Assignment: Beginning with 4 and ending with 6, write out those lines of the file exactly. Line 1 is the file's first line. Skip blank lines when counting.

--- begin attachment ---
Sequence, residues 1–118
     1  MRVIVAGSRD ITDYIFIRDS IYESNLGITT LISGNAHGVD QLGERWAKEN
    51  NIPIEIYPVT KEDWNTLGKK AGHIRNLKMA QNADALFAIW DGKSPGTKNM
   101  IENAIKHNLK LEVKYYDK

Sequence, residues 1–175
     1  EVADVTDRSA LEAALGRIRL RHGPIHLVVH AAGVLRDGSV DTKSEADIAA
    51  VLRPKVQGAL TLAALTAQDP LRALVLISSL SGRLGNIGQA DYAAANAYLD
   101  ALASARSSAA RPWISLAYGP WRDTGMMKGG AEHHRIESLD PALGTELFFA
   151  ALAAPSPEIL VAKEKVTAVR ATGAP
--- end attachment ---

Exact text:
   101  IENAIKHNLK LEVKYYDK

Sequence, residues 1–175
     1  EVADVTDRSA LEAALGRIRL RHGPIHLVVH AAGVLRDGSV DTKSEADIAA